Wyoming wind officials say a University of Wyoming wind energy study released Thursday is already aiding their efforts as they try to pitch the state's resource in California.
Data from the study show that combining Wyoming wind resources with those in California could reduce power source variability and save the Golden State money -- as much as $100 million per year.
Past Wyoming sales pitches have met with decided reluctance by California, which would prefer to rely solely on its own power generation.
Loyd Drain, executive director of the Wyoming Infrastructure Authority, said he and other representatives of the state's wind industry have already started to use data from the study in meetings with top California officials.
"It's been the centerpiece of our outreach effort to California," he said. "We've met with over 40 key officials. The fact that they’re opening their doors and allowing us to share with them the results of this study means a lot."
A call to study author Jonathan Naughton was not returned Thursday. The study, "Wind Diversity Enhancement of Wyoming/California Wind Energy Projects," is the first analysis of a four-part University of Wyoming Wind Energy Research Center study on diversity of wind resources around the country.
Researchers used atmospheric wind data to log wind density and variability from five sites in Wyoming either near existing or planned wind facilities and compared them with similar sites in California. Wyoming sites used in the study include areas near Casper, Medicine Bow, Rawlins, Wheatland and the southern Laramie Valley.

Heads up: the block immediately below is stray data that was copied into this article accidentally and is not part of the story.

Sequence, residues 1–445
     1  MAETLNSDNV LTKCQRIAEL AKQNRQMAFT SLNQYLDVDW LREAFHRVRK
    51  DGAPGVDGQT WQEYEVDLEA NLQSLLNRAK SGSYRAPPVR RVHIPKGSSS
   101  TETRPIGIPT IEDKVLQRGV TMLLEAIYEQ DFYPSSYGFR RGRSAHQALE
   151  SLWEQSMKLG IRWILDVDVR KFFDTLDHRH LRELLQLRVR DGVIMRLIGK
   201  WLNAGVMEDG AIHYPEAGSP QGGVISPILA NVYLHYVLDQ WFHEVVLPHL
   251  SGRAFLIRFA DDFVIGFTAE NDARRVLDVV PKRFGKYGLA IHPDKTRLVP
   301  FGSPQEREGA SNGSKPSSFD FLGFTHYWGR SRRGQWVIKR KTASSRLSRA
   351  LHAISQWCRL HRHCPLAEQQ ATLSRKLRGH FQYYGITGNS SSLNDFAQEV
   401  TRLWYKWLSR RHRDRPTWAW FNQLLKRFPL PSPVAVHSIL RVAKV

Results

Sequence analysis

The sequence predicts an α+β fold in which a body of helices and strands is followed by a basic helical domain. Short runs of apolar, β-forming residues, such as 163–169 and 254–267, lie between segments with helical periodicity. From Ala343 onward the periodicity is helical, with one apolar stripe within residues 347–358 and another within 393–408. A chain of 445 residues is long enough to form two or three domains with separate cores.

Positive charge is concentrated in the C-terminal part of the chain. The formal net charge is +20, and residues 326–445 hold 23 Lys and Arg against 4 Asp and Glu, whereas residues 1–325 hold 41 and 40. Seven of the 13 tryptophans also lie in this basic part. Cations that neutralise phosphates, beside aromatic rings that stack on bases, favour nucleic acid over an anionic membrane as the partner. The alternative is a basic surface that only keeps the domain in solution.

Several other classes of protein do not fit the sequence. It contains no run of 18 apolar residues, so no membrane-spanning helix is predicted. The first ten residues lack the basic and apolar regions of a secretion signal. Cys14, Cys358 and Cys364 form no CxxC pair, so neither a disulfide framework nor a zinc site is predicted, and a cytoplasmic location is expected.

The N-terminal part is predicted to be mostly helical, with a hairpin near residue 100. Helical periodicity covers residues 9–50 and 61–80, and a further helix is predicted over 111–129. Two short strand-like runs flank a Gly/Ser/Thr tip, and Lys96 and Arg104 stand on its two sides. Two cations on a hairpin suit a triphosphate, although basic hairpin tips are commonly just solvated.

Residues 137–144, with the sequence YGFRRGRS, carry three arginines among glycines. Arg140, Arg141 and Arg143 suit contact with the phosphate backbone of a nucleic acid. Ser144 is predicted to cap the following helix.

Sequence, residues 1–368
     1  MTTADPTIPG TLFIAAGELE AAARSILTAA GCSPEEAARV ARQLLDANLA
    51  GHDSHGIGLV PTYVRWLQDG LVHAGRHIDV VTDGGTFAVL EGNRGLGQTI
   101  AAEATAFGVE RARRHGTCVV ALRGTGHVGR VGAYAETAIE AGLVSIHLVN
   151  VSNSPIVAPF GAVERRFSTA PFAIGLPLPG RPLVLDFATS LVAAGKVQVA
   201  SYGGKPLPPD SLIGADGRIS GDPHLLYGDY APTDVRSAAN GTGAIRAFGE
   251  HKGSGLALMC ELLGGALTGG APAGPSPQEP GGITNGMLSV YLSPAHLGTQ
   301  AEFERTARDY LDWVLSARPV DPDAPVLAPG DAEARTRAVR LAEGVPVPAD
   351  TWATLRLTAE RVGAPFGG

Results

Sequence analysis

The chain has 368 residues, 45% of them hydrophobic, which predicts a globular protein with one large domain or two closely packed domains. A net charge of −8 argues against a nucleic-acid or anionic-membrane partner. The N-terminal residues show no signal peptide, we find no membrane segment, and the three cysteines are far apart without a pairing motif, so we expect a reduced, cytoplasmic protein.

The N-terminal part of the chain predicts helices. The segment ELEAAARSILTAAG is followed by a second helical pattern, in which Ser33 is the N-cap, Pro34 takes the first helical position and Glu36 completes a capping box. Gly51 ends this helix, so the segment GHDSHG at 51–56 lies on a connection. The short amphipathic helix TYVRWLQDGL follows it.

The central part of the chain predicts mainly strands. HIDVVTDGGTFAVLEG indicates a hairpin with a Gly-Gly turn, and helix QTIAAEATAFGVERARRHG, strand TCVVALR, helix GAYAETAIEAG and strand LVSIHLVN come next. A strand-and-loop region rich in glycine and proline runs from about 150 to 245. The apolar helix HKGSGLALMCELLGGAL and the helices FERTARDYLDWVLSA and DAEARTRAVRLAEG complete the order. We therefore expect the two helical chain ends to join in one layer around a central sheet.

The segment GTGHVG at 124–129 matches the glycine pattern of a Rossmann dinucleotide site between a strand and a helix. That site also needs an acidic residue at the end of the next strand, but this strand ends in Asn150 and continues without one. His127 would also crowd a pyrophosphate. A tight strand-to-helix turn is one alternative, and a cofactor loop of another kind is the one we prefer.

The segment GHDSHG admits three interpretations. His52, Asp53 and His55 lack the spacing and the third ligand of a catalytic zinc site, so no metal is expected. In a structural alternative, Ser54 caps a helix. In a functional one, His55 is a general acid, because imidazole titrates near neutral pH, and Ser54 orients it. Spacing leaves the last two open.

Among the findings of the study -- most of which could help Wyoming wind producers -- are that the state holds a far greater area with high potential for wind projects, especially in the southeast part of the state.
The study also indicated that Wyoming and California winds are complementary, meaning that Wyoming wind peaks could offset low outputs of California wind and reduce variability, a common criticism of the power source.
Researchers also said stability from adding Wyoming wind would reduce the need for standby dispatchable power generation, which could save $100 million every year.
Drain said the study presented few surprises.
"If you live in Wyoming, you know we have good wind resources," he said. "We always assumed our wind would blow at different times than wind in different states."
The infrastructure authority and university will now turn their attention to a second phase of the same study, in which real-time data will be logged and compared to the atmospheric data used in phase one. Drain said he expects results from the second phase to be "even more profound" than the first.
The wind research lab will also begin work on the three remaining parts of the study, which will also compare Wyoming wind to wind in Colorado, Nebraska and itself.
Drain said the study has helped Wyoming's wind lobby get a foot in the Californian doorway. He added that they'll "keep plugging away" in the hope of finding more results soon.
"This is not smoke and mirrors," he said. "We’re not trying to tell (California) what to do, but say, 'Here’s what Wyoming can do for California. At the end of the day, it’s up to you what you can do with it.'"